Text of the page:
Swapping Your Opioid Prescriptions For Pot Could Soon Be Reality In Colorado And Illinois
If all goes according to plan, patients in Colorado and Illinois can soon swap their opioid prescriptions for pot.
Two new bills have been introduced as a response to the current opioid epidemic killing thousands of lives across the country, written up by lawmakers in both states, writes the Denver Post.
Senate Bill 18-261 was introduced by Republican State Senator Vicki Marble; it would permit Colorado doctors to write medical cannabis prescriptions for any illness that they would normally prescribe painkillers for. Even though Colorado has been a pioneer in the US for recreational cannabis legislations, it still has a lot to catch up with in terms of medical use. The state only has 9 qualifying conditions for medical cannabis – all of which are considered life-threatening or debilitating. Opioids can be prescribed for anything even as simple as tooth surgery, which has legalization advocates reasoning out that these incidences can cause life-long addictions to the drug.
“We’ve got nothing to lose and so much to gain,” Blair Hubbard told the Denver Post. Hubbard is recovering from an opioid addiction which started out when she was prescribed painkillers for wisdom tooth removal. “I’m tired of hearing of people dying or people sick in the hospital because of what we thought was an innocent introduction to pain medication,” she says.
SB-18-261 has received criticism from Dr. Larry Wolk of the Colorado Department of Public Health and Environment. “We’re not set up… for this acute pain situation,” he told the hearing. “This would last maybe three days to a week. But, when you receive a medical marijuana card, it’s good for a year.” He also claims that there isn’t sufficient evidence from clinical trials that cannabis is effective in treating acute pain. But Sen. Jerry Sonnenberg asked, “If a consumer believes they are indeed being helped, is there a downside to allow this to move forward?” The bill was approved unanimously and it’s now waiting for a vote before the full Senate.
Illinois lawmakers are following suit as a means of solving the opioid epidemic that is also afflicting the state. However, instead of allowing doctors to prescribe cannabis, they are looking to allow any recently issued prescriptions for painkillers to be a valid recommendation for medical cannabis.
In doing so, they would allow patients the discretion to choose cannabis over opioids on their own. “When people ask me if we are not simply creating a gateway, I tell people this: I don’t know if cannabis is addictive, but I do know this: opioids and heroin kills people, cannabis does not,” says Don Harmon, state senator and sponsor of the Illinois medical cannabis expansion bill. The proposal would allow patients to bring their opioid prescriptions together with a signed doctor’s note into a cannabis dispensary, and purchase cannabis that easily. However, the dispensary will also be required to authenticate the doctor’s approval, while ensuring that the patient doesn’t already have access to cannabis through other means. They would then be granted a temporary card valid for 12 months to purchase cannabis limited to 2.5 ounces every two weeks. Once the year has ended, the patient has the option of applying for a permanent medical cannabis card if their condition doesn’t improve.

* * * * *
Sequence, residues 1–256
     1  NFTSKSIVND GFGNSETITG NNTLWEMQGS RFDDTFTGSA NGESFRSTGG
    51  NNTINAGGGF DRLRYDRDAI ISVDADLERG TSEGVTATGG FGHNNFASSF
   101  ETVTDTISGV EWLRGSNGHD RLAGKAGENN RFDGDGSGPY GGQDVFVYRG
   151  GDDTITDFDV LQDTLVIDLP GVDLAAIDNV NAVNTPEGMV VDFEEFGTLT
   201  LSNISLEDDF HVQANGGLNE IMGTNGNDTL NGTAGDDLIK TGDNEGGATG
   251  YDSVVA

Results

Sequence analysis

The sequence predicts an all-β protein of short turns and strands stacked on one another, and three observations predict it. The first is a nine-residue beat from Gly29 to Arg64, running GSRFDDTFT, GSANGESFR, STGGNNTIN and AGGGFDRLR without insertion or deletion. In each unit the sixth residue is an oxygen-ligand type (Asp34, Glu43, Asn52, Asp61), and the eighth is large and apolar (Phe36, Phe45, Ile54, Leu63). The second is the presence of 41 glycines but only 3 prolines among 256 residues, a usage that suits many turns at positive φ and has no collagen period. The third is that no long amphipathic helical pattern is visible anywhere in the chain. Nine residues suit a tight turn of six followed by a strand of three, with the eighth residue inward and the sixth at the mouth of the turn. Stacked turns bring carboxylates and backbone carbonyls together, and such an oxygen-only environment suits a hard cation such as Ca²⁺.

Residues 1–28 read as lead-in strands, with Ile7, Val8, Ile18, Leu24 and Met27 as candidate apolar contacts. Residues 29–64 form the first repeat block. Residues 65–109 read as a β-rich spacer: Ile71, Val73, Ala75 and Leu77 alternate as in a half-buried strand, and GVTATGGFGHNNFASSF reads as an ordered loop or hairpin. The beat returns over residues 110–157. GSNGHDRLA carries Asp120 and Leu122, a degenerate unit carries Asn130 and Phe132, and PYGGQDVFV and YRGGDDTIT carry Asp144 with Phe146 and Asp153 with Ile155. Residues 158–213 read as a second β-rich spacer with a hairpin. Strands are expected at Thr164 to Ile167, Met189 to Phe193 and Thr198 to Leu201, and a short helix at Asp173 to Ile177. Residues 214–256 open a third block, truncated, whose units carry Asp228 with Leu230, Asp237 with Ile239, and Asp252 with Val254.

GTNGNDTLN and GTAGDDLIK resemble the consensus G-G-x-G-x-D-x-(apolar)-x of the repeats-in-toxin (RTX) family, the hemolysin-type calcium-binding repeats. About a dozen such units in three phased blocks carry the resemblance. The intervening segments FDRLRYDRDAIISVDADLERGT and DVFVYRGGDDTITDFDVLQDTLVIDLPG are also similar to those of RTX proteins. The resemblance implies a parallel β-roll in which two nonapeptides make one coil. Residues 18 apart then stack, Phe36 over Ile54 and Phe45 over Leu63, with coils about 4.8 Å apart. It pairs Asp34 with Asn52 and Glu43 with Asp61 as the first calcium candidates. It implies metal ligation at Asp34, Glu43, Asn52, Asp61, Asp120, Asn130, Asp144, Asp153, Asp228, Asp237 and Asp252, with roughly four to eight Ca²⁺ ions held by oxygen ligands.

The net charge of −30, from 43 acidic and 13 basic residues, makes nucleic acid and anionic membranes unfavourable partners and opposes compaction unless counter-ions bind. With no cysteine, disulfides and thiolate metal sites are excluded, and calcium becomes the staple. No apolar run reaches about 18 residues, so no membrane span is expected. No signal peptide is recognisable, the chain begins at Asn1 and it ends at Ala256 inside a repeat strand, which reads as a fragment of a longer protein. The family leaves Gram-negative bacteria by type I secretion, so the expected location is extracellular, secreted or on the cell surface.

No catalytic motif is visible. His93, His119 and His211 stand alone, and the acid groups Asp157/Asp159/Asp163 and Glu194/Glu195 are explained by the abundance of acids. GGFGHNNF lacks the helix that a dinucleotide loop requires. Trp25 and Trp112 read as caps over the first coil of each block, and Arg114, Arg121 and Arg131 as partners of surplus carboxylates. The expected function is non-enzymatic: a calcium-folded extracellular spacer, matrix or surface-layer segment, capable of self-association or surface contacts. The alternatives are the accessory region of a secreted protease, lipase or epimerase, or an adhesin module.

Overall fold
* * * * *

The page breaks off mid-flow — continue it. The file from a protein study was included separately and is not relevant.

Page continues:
Illinois currently allows people to purchase medical cannabis if they qualify for specific conditions such as muscular dystrophy, glaucoma, and cancer.
Other States Battling Opioid Epidemic
In Iowa, the Senate has just overwhelmingly approved a bipartisan bill that sought to address their own opioid crisis. House File 2377 was passed by Senate with a 48-0 vote. It would restrict the number of opioid prescriptions while establishing Good Samaritan regulations for people who report overdose cases. It would also require physicians to electronically file every single prescription, as a means of avoiding the possibility of forged signatures on paper prescriptions.
In 2015, Iowa saw 59 opioid overdose deaths, and 163 opioid-related deaths on top of that. The following year, overdose deaths jumped to 86 and opioid-related deaths surged to 180; preliminary data from 2017 revealed that there were 99 overdose deaths, followed by 202 opioid-related deaths.
Sen. Thomas Greene, the bill’s floor manager and a pharmacist, stated that the bill was conceived following meetings held last year among lawmakers together with people who are directly involved in the opioid epidemic. “We must move forward on this,” Greene said.
He also said that the bill, which covers 21 sections and seven divisions, intends to prevent “doctor shopping”, and over-prescribing highly addictive drugs.